Become a Member

Get access to more than 30 brands, premium video, exclusive content, events, mapping, and more.

Already have an account? Sign In

Become a Member

Get access to more than 30 brands, premium video, exclusive content, events, mapping, and more.

Already have an account? Sign In



How to Survive a Freezing Ass Cold Race Day

Last weekend’s HITS sent some athletes running for heat. Here’s how to conquer a cold race day—and when to call it quits.

Heading out the door? Read this article on the new Outside+ app available now on iOS devices for members! Download the app.

According to the East Bay Times, 30 triathletes dropped out of last Saturday’s HITS Triathlon in Napa Valley, Calif. with symptoms of hypothermia. In addition to air temperatures hovering around 45 degrees at race start and water temperatures reportedly below 60 degrees, racers also faced intermittent rain during the half and full iron-distance events.

It’s not the first time athletes have faced freezing race days. Events have been held for decades in which competitors were forced to abandon due to hypothermic-like symptoms. Most famously, at last year’s Ironman European Championship in Frankfurt, current Ironman world champion Daniela Ryf had to withdraw due to hypothermia along with eight other pros. Before she dropped out, Ryf donned rubber dishwashing gloves in an effort to combat the chill.

There was snow at Ironman Lake Tahoe in 2013, an event that had even colder conditions than the HITS event and had a DNF rate of 20 percent.

Even absent a swim and bike, in 2011 thousands of runners were evaluated for hypothermia at an uncharacteristically rainy LA Marathon—26 were taken to the hospital according to an LA Times story. One of those 26 also happened to be Triathlete’s own Editor–in-Chief Erin Beresini (read her account here). And a Tough Mudder in the mountains outside of Los Angeles the same year sent frozen participants streaming down the mountain looking for fire.

Though USA Triathlon—the organization sanctioning the HITS event—does not have any guidelines on when to cancel a swim due to low temperatures, the ITU does. In fact, the ITU directs organizers to cancel the swim when air temperatures go below 41 degrees, regardless of water temperature. The ITU also has a chart in their rulebook that gives a ratio of air to water temperatures that they believe are too dangerous to compete in—according to their chart, once the air goes below 45 degrees, an ITU swim will be cancelled if the water is also under 61 degrees. John Eickman, vice president of HIT, also says that he felt it was less the water temperature alone, but more the air temperature combined with fast descents and light rain that seemed to cause racers the most issues in Napa Valley.

Hypothermia or not, a cold day can make for a rough race, so what can the average triathlete do to prepare for a chilly tri (aside from rocking Ryf-inspired mitts)? We spoke to 2013 Norseman XTreme finisher, extreme endurance junkie and owner of Seattle-based Evergreen Endurance Coaching Jessica Kelley about her experiences in dealing with arctic conditions:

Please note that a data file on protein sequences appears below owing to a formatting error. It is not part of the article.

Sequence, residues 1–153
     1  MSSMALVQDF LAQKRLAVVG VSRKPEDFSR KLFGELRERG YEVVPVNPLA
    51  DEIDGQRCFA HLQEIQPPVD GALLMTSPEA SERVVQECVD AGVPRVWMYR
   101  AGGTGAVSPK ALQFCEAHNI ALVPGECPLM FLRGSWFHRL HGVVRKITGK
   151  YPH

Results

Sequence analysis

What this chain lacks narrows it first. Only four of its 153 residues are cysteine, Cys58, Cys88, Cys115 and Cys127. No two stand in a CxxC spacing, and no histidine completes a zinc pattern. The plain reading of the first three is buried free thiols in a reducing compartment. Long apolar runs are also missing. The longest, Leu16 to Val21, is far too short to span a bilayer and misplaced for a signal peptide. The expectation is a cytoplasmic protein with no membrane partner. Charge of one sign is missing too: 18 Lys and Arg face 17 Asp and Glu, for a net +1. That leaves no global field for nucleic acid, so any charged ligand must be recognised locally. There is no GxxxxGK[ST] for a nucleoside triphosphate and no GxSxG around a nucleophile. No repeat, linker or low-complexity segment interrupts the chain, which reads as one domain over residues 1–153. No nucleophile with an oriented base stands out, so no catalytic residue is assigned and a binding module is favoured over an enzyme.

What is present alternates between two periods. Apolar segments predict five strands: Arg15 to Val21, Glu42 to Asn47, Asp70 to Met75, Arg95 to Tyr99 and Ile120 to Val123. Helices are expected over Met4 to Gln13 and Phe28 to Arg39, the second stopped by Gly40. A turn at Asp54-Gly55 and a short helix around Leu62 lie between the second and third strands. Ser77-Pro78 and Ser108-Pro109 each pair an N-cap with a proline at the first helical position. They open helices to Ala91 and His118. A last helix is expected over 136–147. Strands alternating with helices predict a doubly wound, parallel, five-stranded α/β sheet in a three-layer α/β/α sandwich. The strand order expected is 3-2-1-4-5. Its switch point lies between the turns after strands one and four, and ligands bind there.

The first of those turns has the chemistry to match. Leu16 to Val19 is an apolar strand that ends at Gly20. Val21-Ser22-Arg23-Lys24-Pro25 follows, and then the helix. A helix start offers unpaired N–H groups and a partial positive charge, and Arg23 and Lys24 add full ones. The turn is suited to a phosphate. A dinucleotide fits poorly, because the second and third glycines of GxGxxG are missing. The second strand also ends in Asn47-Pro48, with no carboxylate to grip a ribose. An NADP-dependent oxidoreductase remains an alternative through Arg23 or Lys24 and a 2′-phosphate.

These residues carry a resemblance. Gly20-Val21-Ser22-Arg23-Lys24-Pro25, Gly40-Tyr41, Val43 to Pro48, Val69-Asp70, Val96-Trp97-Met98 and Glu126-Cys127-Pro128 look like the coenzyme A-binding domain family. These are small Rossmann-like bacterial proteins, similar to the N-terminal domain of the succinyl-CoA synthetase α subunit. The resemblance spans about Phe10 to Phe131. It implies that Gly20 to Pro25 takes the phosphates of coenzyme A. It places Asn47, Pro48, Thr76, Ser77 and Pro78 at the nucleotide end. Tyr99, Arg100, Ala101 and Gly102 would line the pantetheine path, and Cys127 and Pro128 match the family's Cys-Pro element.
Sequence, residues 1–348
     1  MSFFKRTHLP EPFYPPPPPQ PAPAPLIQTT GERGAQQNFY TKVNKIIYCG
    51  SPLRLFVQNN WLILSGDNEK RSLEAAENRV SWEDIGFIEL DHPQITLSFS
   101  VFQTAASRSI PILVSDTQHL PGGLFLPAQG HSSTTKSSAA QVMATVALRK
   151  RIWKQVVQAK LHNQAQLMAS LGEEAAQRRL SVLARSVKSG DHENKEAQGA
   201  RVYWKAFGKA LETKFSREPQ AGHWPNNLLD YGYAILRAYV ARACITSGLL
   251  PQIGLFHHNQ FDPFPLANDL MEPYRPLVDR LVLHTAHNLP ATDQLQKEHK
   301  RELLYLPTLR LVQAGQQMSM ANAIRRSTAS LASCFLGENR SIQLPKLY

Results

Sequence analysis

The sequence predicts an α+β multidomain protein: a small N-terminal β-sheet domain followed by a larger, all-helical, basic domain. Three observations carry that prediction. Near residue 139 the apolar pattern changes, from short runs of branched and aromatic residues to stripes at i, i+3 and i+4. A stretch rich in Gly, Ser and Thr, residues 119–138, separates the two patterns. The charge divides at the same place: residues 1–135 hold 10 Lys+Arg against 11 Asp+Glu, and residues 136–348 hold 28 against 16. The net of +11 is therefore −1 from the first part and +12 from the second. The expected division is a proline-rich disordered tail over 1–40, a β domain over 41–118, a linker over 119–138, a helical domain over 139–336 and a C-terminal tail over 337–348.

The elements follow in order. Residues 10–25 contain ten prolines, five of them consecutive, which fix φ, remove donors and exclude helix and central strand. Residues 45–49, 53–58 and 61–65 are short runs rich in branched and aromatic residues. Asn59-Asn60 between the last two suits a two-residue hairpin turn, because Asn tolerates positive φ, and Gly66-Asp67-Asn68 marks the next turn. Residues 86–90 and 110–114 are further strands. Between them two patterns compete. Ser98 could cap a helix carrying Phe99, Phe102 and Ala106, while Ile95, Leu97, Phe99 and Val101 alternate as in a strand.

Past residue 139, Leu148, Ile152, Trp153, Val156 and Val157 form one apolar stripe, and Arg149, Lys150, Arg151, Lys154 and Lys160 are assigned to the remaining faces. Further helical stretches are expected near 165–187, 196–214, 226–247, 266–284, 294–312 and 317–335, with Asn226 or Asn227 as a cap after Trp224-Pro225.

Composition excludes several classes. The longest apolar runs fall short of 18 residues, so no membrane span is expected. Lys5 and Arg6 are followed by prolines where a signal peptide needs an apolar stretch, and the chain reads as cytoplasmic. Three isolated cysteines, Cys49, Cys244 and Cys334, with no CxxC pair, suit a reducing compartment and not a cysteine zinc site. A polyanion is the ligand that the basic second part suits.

What is the most extreme event that you’ve raced?
Kelley: “Iditasport 200 in Alaska. After four days of sleep deprivation, I was literally falling asleep on my feet and was forced to bivvy on a frozen river as temps dropped to -30 degrees with windchill. I had a -20 degree sleeping bag, so it was survivable, but definitely not comfortable.”

Kelley’s tips for dealing with the cold temperatures:

  • “Do multiple training swims in water that is approximately the same temperature as the water [on race day]. Your body can physiologically adapt to swimming in very cold water, but the changes don’t happen overnight.”
  • “After one of your very cold training swims, hop on your bike and go for a hilly ride, preferably in cold and wet weather. Test your gear and your mental fortitude in the conditions you might encounter on race day. Confirm that you have enough layers to get warm and stay warm on the bike. On the flip side, you might learn that you don’t need as many layers as you think, because climbing hills tends to generate heat.”

What do you think is the most important piece of gear when racing a triathlon in cold conditions?
Kelley: “For me, it’s a great pair of gloves for the bike. The gloves need to be warm and toasty, but still allow enough dexterity so I can shift gears, brake, eat and drink. If your knees get cold as you ride, it’s not the end of the world. But if your hands don’t function because they are too cold or your gloves are too thick, it can make a difficult race feel impossible.”

For more tips, check out our recent story on cold-water training for chilly events.

Video: 4X World Champion Mirinda Carfrae Makes Her Picks for 70.3 Chattanooga

Carfrae and former pro Patrick Mckeon break down the iconic course in Chattanooga, who looks good for the pro women's race, and their predictions for how the day will play out.